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This anthology of thirty works by some of our best contemporary American writers looks at our perennial American obsession: fat. It's everywhere, all around you, and maybe even on you. Now, America's consuming passion at last has its own anthology. From Andre Dubus's delicious story of a young woman more comfortable in her fat body than her thin one ("The Fat Girl"), to Tob This anthology of thirty works by some of our best contemporary American writers looks at our perennial American obsession: fat. It's everywhere, all around you, and maybe even on you. Now, America's consuming passion at last has its own anthology. From Andre Dubus's delicious story of a young woman more comfortable in her fat body than her thin one ("The Fat Girl"), to Tobias Wolff's tale of bonding over pancakes ("Hunters in the Snow"), Dorothy Allison's poem about food and love ("Dumpling Child"), Peter Carey's surreal tale of a fat-man revolution ("The Fat Man in History"), Wesley McNair's poetic celebration "Fat Heaven", and George Saunders's "The 400-pound CEO," this bountiful feast of fiction and poetry will ensure no reader ever looks at fat quite the same way again. Including stories and poems by Dorothy Allison Frederick Busch Peter Carey Raymond Carver Junot Díaz Andre Dubus Pam Houston Jill McCorkle George Saunders Tobias Wolff Contents: Extra extra large by Frederick Busch Brief wondrous life of Oscar Wao by Junot Diaz Fat enter heaven by Wesley McNair Fat girl by Andre Dubus Crash diet by Jill McCorkle Love for a fat man by Rhoda B. Stamell Full figure by Allison Joseph Ax of the apostles by Erin McGraw Fat by Conrad Hilberry Power by Stephen Dunn Fat man in history by Peter Carey Nouveau big by Katherine Riegel Six hundred pound man by Jack Coulehan Hungry self by Rebecca Curtis Dumpling child by Dorothy Allison Fat man by Vern Rutsala 400-pound CEO by George Saunders Big Ruthie imagines sex without pain by S.L. Wisenberg Waltzing the cat by Pam Houston I want to be fat by Terrence Hayest For the one man who likes my thighs by Denise Duhamel When fat girls dream by J.L. Haddaway Ballerina by Sharon Solwitz Displaced overweight homemaker's guide to finding a man by Donna Jarrell Weight bearing by Patricia Goedicke Hunters in the snow by Tobias Wolff Fat lady travels by Cathy Smith-Bowers Fat people at the amusement park by Rawdon Tomlinson Disappearing by Monica Wood Fat by Raymond Carver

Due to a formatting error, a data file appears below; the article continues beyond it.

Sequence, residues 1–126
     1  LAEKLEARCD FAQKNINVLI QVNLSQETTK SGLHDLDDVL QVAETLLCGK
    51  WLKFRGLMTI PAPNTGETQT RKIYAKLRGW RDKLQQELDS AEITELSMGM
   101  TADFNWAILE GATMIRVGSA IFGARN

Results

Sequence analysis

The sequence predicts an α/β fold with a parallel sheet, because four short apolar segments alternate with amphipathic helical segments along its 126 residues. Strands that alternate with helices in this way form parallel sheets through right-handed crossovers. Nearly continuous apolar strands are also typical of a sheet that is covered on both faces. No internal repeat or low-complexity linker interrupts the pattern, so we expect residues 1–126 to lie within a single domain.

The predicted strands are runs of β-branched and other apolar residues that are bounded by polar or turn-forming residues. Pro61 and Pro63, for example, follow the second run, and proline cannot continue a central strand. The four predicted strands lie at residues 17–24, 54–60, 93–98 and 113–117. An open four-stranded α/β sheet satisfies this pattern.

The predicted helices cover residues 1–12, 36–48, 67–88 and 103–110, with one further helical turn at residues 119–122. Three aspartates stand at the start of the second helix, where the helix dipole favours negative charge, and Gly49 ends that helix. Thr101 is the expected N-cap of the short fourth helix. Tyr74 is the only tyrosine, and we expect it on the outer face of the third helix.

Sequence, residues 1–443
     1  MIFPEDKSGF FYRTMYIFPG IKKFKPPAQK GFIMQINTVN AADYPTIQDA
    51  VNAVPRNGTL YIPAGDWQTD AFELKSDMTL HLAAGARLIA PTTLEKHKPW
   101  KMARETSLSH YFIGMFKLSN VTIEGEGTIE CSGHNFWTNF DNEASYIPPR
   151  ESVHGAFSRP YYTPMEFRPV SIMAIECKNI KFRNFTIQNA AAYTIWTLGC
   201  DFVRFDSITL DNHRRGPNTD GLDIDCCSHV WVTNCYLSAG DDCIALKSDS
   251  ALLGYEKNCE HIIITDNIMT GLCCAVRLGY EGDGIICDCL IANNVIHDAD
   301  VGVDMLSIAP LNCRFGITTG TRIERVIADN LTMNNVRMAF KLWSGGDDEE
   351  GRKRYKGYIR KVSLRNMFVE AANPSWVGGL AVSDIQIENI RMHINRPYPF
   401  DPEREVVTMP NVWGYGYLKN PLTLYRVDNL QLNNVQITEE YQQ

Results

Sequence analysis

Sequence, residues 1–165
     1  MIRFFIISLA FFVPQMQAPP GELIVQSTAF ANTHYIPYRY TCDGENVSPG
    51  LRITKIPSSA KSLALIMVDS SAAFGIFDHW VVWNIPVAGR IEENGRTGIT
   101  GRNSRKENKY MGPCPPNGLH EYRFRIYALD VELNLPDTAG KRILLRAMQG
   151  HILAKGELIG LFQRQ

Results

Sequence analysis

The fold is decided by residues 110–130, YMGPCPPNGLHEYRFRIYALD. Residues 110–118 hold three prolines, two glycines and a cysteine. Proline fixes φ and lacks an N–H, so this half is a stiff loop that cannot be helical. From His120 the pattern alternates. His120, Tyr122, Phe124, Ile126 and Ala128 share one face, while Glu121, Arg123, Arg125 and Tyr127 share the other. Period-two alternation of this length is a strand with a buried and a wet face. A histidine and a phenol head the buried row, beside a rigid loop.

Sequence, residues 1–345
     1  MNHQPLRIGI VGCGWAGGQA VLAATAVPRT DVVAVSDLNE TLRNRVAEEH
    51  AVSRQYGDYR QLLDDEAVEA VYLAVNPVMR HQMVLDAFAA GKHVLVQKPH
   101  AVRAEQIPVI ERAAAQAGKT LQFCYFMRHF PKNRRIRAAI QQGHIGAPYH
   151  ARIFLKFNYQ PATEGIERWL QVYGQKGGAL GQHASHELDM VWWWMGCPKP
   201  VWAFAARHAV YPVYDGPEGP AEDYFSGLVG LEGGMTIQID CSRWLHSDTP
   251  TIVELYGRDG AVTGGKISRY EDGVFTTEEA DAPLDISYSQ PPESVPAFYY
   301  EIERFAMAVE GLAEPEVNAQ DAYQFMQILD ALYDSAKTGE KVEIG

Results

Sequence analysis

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This anthology of thirty works by some of our best contemporary American writers looks at our perennial American obsession: fat. It's everywhere, all around you, and maybe even on you. Now, America's consuming passion at last has its own anthology. From Andre Dubus's delicious story of a young woman more comfortable in her fat body than her thin one ("The Fat Girl"), to Tob This anthology of thirty works by some of our best contemporary American writers looks at our perennial American obsession: fat. It's everywhere, all around you, and maybe even on you. Now, America's consuming passion at last has its own anthology. From Andre Dubus's delicious story of a young woman more comfortable in her fat body than her thin one ("The Fat Girl"), to Tobias Wolff's tale of bonding over pancakes ("Hunters in the Snow"), Dorothy Allison's poem about food and love ("Dumpling Child"), Peter Carey's surreal tale of a fat-man revolution ("The Fat Man in History"), Wesley McNair's poetic celebration "Fat Heaven", and George Saunders's "The 400-pound CEO," this bountiful feast of fiction and poetry will ensure no reader ever looks at fat quite the same way again. Including stories and poems by Dorothy Allison Frederick Busch Peter Carey Raymond Carver Junot Díaz Andre Dubus Pam Houston Jill McCorkle George Saunders Tobias Wolff Contents: Extra extra large by Frederick Busch Brief wondrous life of Oscar Wao by Junot Diaz Fat enter heaven by Wesley McNair Fat girl by Andre Dubus Crash diet by Jill McCorkle Love for a fat man by Rhoda B. Stamell Full figure by Allison Joseph Ax of the apostles by Erin McGraw Fat by Conrad Hilberry Power by Stephen Dunn Fat man in history by Peter Carey Nouveau big by Katherine Riegel Six hundred pound man by Jack Coulehan Hungry self by Rebecca Curtis Dumpling child by Dorothy Allison Fat man by Vern Rutsala 400-pound CEO by George Saunders Big Ruthie imagines sex without pain by S.L. Wisenberg Waltzing the cat by Pam Houston I want to be fat by Terrence Hayest For the one man who likes my thighs by Denise Duhamel When fat girls dream by J.L. Haddaway Ballerina by Sharon Solwitz Displaced overweight homemaker's guide to finding a man by Donna Jarrell Weight bearing by Patricia Goedicke Hunters in the snow by Tobias Wolff Fat lady travels by Cathy Smith-Bowers Fat people at the amusement park by Rawdon Tomlinson Disappearing by Monica Wood Fat by Raymond Carver